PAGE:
CNPC signed a $3 billion deal to develop the al-Ahdab oil field in southern Iraq.

Daily production from Rumaila is at about 1 million barrels a day. BP's targeted production for the oil field is 2.85 million barrels a day within seven years.

The BP-CNPC consortium originally bid to receive $3.99 per barrel produced, but later slashed the offer to the $2 per barrel payment sought by the Iraqi Oil Ministry. The competing bid in June was from a consortium led by U.S. giant Exxon Mobil, which refused to amend its offer of $4.80 per barrel.

In the wake of the poor showing at the licensing round, al-Shahristani announced last month that Iraq was revisiting the bidding after three international oil consortiums revised their offers and accepted Iraq's terms for developing two oil fields in the south.

The Zubair field was one of those two fields, while the second is the 8.6 billion barrel West Qurna Stage 1.

Three other international oil consortiums are competing to develop that field after accepting Iraq's terms $1.9 per barrel that were offered in the bidding round.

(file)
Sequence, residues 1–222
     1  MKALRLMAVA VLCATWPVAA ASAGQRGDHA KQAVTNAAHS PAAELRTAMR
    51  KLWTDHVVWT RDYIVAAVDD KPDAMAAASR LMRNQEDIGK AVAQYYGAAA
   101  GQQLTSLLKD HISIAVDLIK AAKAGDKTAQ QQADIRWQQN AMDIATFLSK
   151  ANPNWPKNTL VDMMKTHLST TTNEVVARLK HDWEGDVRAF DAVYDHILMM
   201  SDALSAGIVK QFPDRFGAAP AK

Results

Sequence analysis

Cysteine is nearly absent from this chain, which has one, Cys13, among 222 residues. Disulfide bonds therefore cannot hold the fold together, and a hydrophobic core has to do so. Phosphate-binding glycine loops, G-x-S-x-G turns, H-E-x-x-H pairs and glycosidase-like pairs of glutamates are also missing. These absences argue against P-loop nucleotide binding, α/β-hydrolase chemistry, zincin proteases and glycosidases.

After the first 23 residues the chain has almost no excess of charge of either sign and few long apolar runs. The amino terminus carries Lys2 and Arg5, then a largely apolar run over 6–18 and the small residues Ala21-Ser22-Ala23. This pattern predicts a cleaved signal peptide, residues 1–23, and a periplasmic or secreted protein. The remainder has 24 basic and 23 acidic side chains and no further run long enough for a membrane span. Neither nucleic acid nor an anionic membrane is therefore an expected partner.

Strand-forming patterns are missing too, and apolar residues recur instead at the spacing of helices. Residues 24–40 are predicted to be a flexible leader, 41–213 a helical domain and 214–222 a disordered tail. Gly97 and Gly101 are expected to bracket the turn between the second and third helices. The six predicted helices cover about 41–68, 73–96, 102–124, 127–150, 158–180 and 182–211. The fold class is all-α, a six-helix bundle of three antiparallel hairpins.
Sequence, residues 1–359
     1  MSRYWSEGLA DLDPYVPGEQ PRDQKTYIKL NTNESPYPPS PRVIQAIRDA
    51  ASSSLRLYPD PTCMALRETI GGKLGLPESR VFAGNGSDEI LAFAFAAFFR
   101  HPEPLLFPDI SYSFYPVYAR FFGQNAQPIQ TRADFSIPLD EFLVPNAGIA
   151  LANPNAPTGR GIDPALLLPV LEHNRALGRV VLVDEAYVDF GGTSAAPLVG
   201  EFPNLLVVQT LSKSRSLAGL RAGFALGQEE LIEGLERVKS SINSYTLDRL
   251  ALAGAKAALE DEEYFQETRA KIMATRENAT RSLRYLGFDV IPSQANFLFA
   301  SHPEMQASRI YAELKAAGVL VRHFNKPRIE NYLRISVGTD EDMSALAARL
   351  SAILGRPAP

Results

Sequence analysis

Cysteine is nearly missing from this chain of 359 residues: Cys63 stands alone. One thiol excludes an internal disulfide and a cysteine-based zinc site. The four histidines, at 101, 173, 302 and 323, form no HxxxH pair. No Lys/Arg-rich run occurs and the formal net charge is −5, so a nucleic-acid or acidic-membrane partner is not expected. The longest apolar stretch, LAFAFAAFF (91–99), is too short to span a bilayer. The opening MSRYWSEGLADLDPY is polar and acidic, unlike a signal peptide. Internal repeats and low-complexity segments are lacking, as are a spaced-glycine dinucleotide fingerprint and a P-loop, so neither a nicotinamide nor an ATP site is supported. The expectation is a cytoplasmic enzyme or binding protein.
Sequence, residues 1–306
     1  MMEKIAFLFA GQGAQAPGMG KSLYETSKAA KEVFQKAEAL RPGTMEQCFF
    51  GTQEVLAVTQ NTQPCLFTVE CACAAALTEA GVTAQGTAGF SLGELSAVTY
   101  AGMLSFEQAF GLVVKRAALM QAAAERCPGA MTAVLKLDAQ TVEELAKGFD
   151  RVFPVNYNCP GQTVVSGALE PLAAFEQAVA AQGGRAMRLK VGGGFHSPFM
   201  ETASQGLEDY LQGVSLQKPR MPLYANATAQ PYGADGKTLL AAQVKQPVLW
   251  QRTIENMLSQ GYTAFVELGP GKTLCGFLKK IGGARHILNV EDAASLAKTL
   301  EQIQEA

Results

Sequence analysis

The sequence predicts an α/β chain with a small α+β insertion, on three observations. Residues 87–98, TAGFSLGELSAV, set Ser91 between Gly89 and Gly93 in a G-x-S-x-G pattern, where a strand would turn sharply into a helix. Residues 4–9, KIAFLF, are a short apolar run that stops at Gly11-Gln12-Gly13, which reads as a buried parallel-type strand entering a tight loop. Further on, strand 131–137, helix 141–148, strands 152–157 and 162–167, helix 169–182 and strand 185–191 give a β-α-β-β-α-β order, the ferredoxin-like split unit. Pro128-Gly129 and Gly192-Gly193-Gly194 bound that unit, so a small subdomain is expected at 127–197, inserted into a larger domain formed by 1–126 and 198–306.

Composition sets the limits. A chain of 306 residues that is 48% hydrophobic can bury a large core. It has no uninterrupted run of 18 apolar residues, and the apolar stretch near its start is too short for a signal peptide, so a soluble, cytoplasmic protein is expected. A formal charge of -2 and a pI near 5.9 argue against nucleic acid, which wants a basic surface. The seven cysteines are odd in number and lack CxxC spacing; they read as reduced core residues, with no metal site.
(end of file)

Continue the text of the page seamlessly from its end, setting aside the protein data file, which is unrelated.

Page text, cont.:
One is led by Russia's Lukoil and ConocoPhilips, another by Exxon Mobil with Royal Dutch Shell and third is led by China's CNPC, al-Shahritsnai annoucned.

The Lukoil-led consortium's targeted production is 1.5 million barrels a day while the other consortium's targeted production is 2.1 million barrels a day. Lukoil consortium submitted an earlier bid of $6.49 per barrel and the Exxon Mobil-led consortium was asking for $4 per barrel.

The winner will be announced in the coming few days, al-Shahristani said.

Iraq is also planning a second bidding round on December 11-12.

Forty-five international oil companies are set to bid for 10 oil projects on offer.

Iraq's daily production ranges between 2.3 to 2.4 million barrels a day and exports nearly 2 million barrels a day.

The overall fall in oil prices since last year has forced the government to slash spending plans for this year from $79 billion to $58.6 billion. The oil sector represents about 65 percent of Iraq's gross domestic product and its revenues account for 95 percent of Iraq's earnings.